Trimming one minute off the time an aircraft spends on the ground between flights can save up to $10 million per year, according to a Boston Consulting Group report. Airlines are therefore investing in technologies to provide greater visibility into their operations and allow them to improve efficiency and reduce turnaround times by optimizing resource management and integrating processes. These technologies include enhanced baggage tracking capabilities, as airlines are able to track a passenger’s bag throughout its journey and potentially alleviate security-related delays in the cargo-handling process.

Industry wide data sharing and standardization of IT systems, such as through the Common Use Passenger Processing System, or CUPPS, have significant potential efficiency gains, though more progress needs to be made in this area.

Airports also are expanding connectivity outside the terminal. Technologies will streamline operations during taxi, takeoff, approach,and landing by communicating runway and gate information to pilots and controllers, increasing capacity, improving fuel efficiency, and enhancing safety. Collaborative Decision Making, which tracks all aspects of airport operations including ground operations, passenger throughput, and disruption management, is becoming more widespread and will eventually also include coordination with air traffic control systems.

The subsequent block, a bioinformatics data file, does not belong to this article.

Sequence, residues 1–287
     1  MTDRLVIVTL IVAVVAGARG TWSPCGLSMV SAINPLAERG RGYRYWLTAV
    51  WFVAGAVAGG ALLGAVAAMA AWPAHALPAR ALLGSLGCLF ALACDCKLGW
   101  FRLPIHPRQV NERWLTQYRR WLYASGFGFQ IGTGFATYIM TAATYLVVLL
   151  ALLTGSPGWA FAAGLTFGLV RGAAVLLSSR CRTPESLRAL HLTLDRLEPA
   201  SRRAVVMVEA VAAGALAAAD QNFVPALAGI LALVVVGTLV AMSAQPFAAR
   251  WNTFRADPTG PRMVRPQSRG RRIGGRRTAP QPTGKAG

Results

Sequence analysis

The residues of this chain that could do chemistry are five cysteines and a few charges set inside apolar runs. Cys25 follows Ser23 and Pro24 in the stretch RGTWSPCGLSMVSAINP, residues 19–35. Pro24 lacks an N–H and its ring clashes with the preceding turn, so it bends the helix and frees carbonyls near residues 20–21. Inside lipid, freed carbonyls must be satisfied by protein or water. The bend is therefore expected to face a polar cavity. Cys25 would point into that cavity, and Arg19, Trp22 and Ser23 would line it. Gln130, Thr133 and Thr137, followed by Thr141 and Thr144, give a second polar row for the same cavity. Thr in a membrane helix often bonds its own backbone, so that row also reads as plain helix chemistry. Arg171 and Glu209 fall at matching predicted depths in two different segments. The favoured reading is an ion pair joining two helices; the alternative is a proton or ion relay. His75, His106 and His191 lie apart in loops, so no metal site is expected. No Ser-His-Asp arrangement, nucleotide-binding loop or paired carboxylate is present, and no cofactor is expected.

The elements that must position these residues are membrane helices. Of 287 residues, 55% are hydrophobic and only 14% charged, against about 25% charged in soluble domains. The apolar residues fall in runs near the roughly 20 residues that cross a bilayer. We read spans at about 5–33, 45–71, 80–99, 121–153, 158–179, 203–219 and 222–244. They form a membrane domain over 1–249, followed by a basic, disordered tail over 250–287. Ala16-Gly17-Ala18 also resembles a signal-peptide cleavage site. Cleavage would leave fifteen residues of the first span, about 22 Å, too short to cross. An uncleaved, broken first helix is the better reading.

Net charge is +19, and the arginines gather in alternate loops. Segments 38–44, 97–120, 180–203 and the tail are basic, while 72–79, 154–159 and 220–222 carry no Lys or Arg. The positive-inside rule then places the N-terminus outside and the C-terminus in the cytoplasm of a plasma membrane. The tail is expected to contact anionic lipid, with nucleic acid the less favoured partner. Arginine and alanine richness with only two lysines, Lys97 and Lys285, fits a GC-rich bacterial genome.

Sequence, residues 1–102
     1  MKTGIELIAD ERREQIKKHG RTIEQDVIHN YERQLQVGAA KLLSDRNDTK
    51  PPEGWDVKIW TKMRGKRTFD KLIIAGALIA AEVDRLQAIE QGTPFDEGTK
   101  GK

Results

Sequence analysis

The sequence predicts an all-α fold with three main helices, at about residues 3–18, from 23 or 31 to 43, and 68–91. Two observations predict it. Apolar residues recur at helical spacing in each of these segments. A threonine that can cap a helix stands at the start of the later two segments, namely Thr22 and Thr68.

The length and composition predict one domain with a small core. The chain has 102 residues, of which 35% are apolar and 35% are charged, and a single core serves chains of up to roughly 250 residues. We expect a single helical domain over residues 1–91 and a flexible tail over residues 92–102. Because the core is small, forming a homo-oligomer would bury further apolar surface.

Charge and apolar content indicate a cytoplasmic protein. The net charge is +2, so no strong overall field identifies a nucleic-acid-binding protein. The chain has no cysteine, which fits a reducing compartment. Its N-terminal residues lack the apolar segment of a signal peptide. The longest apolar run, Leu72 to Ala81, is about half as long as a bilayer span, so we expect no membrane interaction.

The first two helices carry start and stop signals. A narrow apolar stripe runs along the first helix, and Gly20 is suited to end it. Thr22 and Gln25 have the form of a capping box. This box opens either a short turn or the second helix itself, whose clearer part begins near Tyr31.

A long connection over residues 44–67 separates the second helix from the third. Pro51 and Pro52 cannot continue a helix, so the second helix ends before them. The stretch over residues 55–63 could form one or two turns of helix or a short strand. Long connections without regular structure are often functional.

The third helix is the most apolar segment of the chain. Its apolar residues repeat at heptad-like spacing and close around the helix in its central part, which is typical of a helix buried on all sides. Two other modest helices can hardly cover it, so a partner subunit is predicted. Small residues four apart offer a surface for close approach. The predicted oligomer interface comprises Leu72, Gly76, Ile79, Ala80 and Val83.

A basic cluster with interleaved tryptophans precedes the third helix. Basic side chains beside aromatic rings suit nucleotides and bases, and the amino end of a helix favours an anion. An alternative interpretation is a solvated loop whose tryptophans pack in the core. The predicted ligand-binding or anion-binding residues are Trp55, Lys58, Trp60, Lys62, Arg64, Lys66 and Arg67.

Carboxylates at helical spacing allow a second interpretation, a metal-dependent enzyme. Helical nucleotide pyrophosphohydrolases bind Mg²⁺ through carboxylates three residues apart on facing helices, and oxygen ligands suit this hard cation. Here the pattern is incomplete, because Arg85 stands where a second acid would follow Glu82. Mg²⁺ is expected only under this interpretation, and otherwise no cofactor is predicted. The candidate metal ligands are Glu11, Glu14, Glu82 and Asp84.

“With more than five percent of the world’s fleet expected to operate in India by 2037, services will continue to be a major driver of growth in the region’s commercial aviation industry. Commercial services such as flight training, engineering and maintenance, digital analytics among others will provide airlines with optimal operational efficiencies as they continue to expand to meet growth in the marketplace. In the South Asian market, including India, Boeing forecasts a commercial services market valued at $430 billion over the next 20 years,” said Keskar.